One of AME Group's first clients was Stanley Tools, and the success of the partnership resulted in AME investing in new technology and premises.

Ian's long-standing friend and MBA qualified manager Paul Howell joined the business as joint managing director and co-owner and the Dinnington headquarters were built on the site of a former South Yorkshire colliery in 2006. The premises house a growing design team and state-of-the-art prototyping workshop.


Jones (pictured, right) said of the growing business: "We had become highly skilled at prototyping but we knew there was an opportunity to move upstream and get closer to our clients by using our expertise in product design. Securing work from globally renowned manufacturers such as Procter & Gamble showed that our approach was right."

Showing that the business is "not just about drawing pretty pictures," several innovative start-up businesses have been incubated at the AME Group who helped them to turn their ideas into commercially successful and market leading products. One example being the Identicom product, now the UK's most widely deployed dedicated lone worker device, that saw SoloProtect (formerly Connexion2) grow from Dinnington to new purpose built premises in Sheffield following a multimillion pound takeover.

AME employs 22 people and has a turnover of £1.5m. Having started out as a prototyping specialist, the future for AME Group is focused on developing its product design business. "We want to increase our design revenues over the next three to five years," says Ian "and continue to deliver the very best in innovative product design services, developing market leading products solutions for our clients, helping their businesses experience commercial success."

The quality of the work produced was recently recognised with a prestigious Red Dot product design award for its work on JigTech Pro, an innovative device that enables door handles to be fitted in minutes.

Jones concluded: "I'm proud of the fact that we have traded very successfully throughout the ups and downs of a changing economy but, most of all, I'm proud of the way the business has developed its staff. Several people have been with us for more than 15 years. Paul and I are not micro managers. We give freedom to the team to grow.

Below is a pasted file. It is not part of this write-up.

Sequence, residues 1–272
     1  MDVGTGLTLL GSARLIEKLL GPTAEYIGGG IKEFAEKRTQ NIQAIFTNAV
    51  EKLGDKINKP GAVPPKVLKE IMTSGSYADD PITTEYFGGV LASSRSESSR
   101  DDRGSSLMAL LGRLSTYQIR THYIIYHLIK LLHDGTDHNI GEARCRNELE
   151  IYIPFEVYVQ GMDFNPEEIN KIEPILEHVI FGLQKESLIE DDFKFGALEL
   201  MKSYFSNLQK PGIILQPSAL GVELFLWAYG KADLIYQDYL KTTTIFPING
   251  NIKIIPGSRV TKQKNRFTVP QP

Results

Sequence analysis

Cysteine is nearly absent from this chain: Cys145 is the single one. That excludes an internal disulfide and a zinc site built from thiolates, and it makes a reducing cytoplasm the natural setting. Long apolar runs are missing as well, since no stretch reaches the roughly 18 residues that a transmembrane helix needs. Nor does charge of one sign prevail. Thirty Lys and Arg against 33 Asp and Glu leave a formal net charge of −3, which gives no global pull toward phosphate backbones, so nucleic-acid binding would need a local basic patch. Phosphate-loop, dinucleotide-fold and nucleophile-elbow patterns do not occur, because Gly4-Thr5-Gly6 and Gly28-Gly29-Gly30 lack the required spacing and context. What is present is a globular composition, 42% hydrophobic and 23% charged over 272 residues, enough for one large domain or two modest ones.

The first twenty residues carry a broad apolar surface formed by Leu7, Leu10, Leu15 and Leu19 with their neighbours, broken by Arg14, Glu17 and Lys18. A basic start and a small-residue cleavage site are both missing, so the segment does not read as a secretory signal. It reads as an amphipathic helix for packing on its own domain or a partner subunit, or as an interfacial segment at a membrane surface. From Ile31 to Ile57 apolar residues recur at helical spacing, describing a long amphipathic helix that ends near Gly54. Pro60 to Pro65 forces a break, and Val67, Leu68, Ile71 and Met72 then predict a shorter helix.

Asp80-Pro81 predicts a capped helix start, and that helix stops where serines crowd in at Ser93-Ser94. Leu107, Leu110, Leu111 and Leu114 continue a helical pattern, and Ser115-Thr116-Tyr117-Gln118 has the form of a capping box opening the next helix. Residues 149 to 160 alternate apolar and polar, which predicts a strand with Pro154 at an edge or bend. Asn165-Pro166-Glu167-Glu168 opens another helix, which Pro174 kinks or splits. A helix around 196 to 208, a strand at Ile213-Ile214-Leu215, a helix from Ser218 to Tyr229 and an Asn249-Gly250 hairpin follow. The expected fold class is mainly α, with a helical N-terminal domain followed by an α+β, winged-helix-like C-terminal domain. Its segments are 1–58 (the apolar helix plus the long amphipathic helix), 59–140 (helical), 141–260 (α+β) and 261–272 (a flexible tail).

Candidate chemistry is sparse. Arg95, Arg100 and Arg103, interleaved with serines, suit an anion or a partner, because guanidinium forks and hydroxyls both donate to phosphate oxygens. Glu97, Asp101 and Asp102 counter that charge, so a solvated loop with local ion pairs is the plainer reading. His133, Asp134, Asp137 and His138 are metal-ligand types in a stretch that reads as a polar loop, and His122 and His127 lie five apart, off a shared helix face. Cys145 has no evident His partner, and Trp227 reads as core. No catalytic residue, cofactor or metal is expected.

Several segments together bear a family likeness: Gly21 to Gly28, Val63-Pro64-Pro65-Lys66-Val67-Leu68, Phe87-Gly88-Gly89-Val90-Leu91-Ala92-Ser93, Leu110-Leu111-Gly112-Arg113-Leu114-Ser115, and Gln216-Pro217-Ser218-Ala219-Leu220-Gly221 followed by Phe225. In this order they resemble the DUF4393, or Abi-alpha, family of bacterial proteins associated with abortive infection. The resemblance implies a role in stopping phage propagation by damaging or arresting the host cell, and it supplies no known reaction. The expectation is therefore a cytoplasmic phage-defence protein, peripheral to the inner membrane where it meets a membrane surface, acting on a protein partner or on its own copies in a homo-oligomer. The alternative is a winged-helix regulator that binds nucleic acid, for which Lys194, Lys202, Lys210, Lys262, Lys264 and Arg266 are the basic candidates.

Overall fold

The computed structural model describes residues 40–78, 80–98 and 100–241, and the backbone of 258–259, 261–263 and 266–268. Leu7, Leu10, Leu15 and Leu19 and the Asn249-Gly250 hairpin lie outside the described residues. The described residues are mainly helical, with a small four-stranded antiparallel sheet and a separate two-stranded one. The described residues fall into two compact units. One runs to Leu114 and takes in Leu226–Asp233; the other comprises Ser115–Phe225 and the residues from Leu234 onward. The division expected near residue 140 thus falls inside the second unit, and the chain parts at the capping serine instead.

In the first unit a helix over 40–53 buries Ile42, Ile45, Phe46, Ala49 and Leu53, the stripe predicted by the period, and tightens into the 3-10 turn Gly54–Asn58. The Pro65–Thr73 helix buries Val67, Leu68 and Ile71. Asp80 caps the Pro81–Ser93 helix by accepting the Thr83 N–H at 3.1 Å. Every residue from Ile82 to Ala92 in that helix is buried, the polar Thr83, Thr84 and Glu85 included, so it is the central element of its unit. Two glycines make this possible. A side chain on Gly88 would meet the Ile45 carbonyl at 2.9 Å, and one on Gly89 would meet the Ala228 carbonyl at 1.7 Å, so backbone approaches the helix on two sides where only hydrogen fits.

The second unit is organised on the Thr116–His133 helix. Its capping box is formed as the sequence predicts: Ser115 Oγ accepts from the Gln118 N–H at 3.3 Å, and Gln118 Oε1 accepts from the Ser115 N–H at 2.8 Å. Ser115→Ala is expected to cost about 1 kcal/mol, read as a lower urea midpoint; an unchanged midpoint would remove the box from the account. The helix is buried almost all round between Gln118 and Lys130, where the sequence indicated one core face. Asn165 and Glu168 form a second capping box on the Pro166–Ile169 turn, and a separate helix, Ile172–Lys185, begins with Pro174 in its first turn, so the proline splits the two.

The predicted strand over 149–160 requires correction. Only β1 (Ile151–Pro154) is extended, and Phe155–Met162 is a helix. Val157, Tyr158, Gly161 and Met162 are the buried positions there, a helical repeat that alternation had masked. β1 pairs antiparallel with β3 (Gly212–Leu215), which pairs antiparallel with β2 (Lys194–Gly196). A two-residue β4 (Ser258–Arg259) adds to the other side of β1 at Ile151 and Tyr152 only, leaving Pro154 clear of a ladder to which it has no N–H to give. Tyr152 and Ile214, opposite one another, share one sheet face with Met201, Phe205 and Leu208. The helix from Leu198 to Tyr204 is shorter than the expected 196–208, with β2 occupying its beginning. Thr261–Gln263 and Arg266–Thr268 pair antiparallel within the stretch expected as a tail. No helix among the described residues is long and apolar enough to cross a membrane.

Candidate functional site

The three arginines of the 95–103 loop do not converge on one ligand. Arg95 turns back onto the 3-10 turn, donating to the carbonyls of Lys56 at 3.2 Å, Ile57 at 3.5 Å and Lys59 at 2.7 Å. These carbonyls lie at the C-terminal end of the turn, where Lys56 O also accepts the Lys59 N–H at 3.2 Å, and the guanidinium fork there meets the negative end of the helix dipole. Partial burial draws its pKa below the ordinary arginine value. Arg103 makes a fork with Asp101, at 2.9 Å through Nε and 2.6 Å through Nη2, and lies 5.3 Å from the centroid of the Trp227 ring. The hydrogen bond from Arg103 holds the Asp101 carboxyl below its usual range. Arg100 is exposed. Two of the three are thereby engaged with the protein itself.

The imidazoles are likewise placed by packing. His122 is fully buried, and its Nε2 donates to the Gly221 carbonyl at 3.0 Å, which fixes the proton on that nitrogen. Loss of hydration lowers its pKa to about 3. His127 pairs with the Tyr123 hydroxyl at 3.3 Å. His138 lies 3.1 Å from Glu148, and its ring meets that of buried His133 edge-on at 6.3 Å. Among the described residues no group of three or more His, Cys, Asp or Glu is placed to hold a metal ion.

“We are not a massive company but we have a highly credible and experienced team that inspires confidence from a diverse portfolio of clients that see us as a strategic product development partner."

AME Group website

Images: AME Group


News: Greening launches Social Mobility Employer Index


Justine Greening MP, the Rotherham-born Secretary of State for Education, and Minister for Women and Equalities, has helped to launch a new index to encourage firms to share their initiatives and progress in becoming more inclusive employers and to reveal which sectors and companies are taking the issue of social mobility most seriously.

The Social Mobility Employer Index is a joint initiative between the Social Mobility Foundation and the Social Mobility Commission, in partnership with the City of London Corporation. It ranks Britain's employers for the first time on the actions they are taking to ensure they are open to accessing and progressing talent from all backgrounds and it showcases progress towards improving social mobility.